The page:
Ended up in Lefty’s mouth
The day they laid poor Pancho low
Lefty split for Ohio
Where he got the bread to go
There ain’t nobody knows

All the federales say
They could have had him any day
They only let him slip away
Out of kindness I suppose

The poets tell how Pancho fell
Lefty’s livin’ in a cheap hotel
The desert’s quiet and Cleveland’s cold
So the story ends we’re told
Pancho needs your prayers it’s true,
But save a few for Lefty too
He just did what he had to do
Now he’s growing old

A few gray federales say
They could have had him any day
They only let him go so wrong
Out of kindness I suppose

Most interpretations of this song that I have encountered seem to assume that it is about two different people: Pancho, the Mexican bandit who is betrayed and killed by one of his own men, Jesse James-style, out in the desert, and Lefty, the one who killed him, who fled Mexico and settled down to an ordinary life in Cleveland, Ohio.

But I think they’re wrong. That’s much too easy, and it’s also not clear from the lyrics. Nobody heard his dying words. His death was told of by the poets, not the witnesses. Pancho “died” out in the desert, after a hard outlaw’s life, and then, from nowhere, this Lefty flees to Ohio. What’s Lefty fleeing from? Where did Lefty come into the picture? Was anyone chasing Lefty? Was anyone after him to get revenge? Does Lefty live his life nervously like the Ford brothers, reviled for killing a popular outlaw? The song says nothing about that.

That’s because Lefty is Pancho. Pancho let the poets tell of his death because it was the only way out. And he moved to Cleveland and lived under an assumed name and spent the rest of his life living in a cheap hotel with his demons and his regrets, wondering who he is and what could have been. And if anyone could have tracked him down, nobody tried too hard. They let him go because it was enough.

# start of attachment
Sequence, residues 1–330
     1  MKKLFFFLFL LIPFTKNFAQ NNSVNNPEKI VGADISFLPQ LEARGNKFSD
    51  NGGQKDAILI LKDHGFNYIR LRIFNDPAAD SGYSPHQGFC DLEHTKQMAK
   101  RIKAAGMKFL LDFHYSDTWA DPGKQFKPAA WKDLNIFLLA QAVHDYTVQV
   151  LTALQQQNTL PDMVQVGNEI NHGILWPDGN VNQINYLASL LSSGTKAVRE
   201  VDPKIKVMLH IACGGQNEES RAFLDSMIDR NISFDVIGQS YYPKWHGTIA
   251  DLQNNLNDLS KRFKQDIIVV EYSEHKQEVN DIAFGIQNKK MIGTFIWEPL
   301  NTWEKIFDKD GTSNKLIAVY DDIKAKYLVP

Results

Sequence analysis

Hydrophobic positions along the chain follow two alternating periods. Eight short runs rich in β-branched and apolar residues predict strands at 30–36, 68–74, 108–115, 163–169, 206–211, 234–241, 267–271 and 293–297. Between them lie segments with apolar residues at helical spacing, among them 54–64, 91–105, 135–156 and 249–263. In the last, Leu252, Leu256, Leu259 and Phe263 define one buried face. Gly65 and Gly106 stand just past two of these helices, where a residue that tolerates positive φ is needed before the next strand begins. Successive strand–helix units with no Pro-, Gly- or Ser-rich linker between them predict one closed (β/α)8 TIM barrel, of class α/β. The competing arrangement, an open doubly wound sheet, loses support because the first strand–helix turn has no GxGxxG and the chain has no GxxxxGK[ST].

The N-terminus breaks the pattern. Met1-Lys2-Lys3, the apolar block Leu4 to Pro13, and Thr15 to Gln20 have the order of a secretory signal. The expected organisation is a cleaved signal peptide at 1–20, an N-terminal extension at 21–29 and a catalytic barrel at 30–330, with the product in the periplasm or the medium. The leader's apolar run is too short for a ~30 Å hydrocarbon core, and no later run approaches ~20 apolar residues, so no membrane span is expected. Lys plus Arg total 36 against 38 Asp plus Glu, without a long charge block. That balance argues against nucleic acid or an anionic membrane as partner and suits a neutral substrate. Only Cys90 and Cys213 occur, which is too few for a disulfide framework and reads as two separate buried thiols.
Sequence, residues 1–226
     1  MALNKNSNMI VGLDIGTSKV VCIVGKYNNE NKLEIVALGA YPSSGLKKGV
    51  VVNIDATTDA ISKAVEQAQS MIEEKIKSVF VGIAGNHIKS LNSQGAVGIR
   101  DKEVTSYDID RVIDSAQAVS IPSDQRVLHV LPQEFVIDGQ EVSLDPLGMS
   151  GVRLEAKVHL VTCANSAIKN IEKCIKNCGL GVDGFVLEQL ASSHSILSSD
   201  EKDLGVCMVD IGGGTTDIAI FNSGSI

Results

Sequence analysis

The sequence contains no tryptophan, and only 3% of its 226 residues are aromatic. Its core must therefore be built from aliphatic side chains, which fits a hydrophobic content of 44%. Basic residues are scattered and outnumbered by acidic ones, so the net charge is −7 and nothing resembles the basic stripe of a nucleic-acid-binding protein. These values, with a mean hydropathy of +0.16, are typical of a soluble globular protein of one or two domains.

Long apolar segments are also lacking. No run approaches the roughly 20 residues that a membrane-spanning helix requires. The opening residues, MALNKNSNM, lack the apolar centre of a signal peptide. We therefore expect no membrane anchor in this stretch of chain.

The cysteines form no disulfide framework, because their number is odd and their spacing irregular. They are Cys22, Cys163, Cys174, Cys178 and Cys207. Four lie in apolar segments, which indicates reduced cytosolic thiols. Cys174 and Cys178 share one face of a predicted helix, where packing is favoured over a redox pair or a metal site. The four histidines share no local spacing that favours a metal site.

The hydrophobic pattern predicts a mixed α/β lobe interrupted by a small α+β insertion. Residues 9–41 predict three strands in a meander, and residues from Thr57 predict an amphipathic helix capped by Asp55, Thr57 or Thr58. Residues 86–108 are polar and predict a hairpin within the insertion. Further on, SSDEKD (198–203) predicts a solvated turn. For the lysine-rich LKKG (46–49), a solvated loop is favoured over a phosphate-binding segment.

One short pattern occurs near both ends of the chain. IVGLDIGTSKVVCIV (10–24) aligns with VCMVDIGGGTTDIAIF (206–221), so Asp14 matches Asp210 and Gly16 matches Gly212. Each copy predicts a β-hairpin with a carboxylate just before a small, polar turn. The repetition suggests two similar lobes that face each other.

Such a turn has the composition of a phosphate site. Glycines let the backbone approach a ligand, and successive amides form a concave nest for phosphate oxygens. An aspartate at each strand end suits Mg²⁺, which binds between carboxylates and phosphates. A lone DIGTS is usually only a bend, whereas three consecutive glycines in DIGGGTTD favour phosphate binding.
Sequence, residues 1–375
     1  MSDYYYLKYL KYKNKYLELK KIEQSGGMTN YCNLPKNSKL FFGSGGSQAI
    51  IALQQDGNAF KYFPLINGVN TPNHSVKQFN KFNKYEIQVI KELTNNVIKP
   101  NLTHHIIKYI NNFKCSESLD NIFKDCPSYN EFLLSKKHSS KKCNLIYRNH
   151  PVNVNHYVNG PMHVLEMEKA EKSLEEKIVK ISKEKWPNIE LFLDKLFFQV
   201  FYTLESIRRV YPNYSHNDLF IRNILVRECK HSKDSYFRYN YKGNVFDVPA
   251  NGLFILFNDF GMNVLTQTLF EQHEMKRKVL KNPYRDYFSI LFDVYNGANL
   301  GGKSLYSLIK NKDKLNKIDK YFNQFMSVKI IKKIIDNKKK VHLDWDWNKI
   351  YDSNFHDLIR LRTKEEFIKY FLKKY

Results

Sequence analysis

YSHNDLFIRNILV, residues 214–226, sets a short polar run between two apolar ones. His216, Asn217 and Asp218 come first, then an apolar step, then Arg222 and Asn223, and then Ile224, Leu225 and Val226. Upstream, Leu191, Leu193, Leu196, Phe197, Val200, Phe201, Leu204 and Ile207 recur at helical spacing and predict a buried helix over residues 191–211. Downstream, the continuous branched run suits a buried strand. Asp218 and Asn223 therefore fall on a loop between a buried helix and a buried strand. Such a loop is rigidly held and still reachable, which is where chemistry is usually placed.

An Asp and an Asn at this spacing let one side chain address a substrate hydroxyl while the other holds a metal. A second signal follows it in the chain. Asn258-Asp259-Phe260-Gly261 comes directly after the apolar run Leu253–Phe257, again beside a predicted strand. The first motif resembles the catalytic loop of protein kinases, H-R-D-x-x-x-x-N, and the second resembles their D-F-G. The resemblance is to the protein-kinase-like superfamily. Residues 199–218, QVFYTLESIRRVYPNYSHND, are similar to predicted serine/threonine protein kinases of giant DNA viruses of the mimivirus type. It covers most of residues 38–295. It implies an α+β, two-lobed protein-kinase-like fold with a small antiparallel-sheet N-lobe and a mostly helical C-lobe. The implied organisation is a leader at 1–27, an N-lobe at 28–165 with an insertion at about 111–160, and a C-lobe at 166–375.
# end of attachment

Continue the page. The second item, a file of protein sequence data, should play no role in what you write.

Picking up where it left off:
So what’s spiritual about this? Why does this matter? The thing is, this story is mythology. It’s not non-fiction, but there’s a bite and a life to it that crackles with something more than just a made-up story. It might not have actually happened, but it’s certainly true.

Wrapped up in this mythic ballad is some powerful stuff about strength, manhood, what it means to be human and alive, and living life close to the quick. More importantly, it’s about the hard choices that lead a man to give all of that up, and what’s left when he does, for better or for worse. There’s an authenticity to Pancho and Lefty that radiates significance because at the end of the day it cuts into the heart of the big things, the raw, the stuff that makes us remember we’re alive. And I say this over and over again, but that’s what spirituality is really about: making sense of mortality.